In Review: The Andromeda Evolution

A fun read that captures the tension of the deadly microbe from the original novel.

The Andromeda Evolution by Daniel H. Wilson

Published by Harper Collins on November 12, 2019. Hardcover of 389 pages at $29.99. Also available from HarperAudio and HarperCollins e-books.

Note: I read an advanced copy so anything may have changed by publication.

The cover: A series of metallic hexagons serve as the background. Michael Crichton’s name is in large red letters at the top. The title is just below the midway point of the cover in white letters; the letter o is created by a missing hexagon that shows the planet Earth in space. Below this is A Novel By Daniel H. Wilson in red capital letters. Granted, Crichton’s name is what will get Joe Public’s attention, but he didn’t contribute to this novel except through quotes and the creation of the novel that spawned this, The Andromeda Strain. Otherwise, this is an appropriate cover. Overall grade: B+

The premise: From the inside front cover: “The Evolution is Coming. In 1967, an extraterrestrial microbe came crashing down to Earth in Piedmont, Arizona and nearly ended the human race, killing all but two of the town’s residents. Over the course of five tense days a team of top scientists worked valiantly — and secretly — to stave off an epidemic of unimaginable proportions. In the ensuing decades, research on the micro-particle continued even as the world believed it was safe…Now a Brazilian terrain-mapping drone has detected a bizarre anomaly of otherworldly matter in the middle of the jungle — and the tell-tale chemical signature of the deadly micro-particle. If a new generation of scientists cannot reach the quarantine zone, enter the anomaly, and stop its evolution, all life as humankind knows it will be annihilated.” I loved the first book and I love the film, so I’m very than interested to see how this tiny terror can continue to threaten the planet Earth. Overall grade: A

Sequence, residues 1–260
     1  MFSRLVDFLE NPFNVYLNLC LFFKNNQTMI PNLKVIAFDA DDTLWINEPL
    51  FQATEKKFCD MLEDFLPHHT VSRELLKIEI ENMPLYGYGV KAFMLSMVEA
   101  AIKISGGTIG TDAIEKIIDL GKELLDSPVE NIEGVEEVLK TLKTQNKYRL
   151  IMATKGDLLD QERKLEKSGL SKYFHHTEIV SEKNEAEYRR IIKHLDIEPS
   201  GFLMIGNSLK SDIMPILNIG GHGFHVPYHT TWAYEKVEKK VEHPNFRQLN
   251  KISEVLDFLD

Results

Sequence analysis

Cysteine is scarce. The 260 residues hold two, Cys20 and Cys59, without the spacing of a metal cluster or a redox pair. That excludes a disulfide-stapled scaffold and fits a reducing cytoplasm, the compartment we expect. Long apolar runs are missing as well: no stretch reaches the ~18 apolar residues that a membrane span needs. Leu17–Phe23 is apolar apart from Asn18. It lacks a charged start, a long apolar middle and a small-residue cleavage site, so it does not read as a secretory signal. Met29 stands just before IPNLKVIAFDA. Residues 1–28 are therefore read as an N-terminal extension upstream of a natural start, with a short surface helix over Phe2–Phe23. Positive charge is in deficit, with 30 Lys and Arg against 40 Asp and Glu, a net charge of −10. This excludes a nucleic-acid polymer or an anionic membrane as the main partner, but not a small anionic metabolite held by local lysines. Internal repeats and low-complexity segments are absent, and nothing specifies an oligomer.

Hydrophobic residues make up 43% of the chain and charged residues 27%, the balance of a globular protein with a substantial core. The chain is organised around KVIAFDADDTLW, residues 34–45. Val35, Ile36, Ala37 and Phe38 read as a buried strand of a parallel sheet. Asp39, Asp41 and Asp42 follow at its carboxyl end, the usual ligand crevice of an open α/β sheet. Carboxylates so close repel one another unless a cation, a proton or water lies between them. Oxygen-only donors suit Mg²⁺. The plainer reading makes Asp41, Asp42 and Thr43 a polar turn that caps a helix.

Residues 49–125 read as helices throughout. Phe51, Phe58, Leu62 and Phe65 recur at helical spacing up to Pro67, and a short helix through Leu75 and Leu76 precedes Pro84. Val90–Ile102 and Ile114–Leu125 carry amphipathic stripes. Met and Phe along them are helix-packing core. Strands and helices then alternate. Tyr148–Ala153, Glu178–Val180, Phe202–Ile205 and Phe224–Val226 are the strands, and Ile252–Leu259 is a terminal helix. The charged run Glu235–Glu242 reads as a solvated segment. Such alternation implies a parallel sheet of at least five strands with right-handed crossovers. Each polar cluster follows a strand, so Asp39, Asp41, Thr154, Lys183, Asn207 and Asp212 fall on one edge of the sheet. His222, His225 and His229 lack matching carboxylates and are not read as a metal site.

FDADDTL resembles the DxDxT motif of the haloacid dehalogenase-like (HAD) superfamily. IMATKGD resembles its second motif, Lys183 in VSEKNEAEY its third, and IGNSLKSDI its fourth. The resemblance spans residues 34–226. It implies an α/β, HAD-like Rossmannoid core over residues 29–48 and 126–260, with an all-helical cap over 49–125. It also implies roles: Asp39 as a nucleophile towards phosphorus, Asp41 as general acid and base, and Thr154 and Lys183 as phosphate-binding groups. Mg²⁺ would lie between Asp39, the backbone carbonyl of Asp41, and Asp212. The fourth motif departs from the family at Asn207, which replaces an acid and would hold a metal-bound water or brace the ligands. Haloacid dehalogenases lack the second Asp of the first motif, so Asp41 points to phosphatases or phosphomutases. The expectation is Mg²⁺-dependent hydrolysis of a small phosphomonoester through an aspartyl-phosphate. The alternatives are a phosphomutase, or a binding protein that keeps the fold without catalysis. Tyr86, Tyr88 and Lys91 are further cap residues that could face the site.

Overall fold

The characters: There are six primary players in this novel: General Stern, a four-star general currently in command of NORAD who controls the missions from Colorado; Nidhi Vedala, an expert in nanotechnology; Harold Odhimabo, a specialist in xenogeology, geology, anthropology, biology, and physical sciences; Peng Wu, a soldier, medical doctor, and pathologist; Zachary Gordon, ranger elite light infantry and battalion senior medic; and Sophie Kline, aboard the International Space Station, an expert in nanorobotics, nanobiology, and microgravity research. Stern leads the group through spoken and written transmissions, never meeting any of the other characters. He’s the expected no-nonsense military leader who will do anything to protect the planet. It was welcome to read his character since he’s not the stereotypical “blow it all up” military leader. Kline is on the space station and also communicates in a similar fashion as Stern for the majority of the novel. She was engaging, very smart, and instantly created sympathy with her physical disability. The other four characters, Vedala, Odhimabo, Wu, and Gordon, go into the Brazilian jungle to study what’s fallen down. They are an interesting mix, each with their eccentricities and secrets. Gordon’s character seems the most out of place in the novel, until trouble breaks out and he proves his worth. That said, it does seem as though the characters of this book are checking boxes off for nationalities and character traits, especially for supporting characters that I’ve not named. It was noticeable while reading, but I rolled with it. The antagonist of the novel is the Andromeda Strain, which does threaten to destroy the Earth, but in this larger state reveals itself to have a specific purpose. I liked how the Strain evolved, as it did in the first novel. What it does makes biological sense, which is key to buying in to its threat. I was happy to see that other nations played a part in this novel, with certain countries responsible for certain actions. The characters, though scientists, are relatable and kept me turning pages. Overall grade: B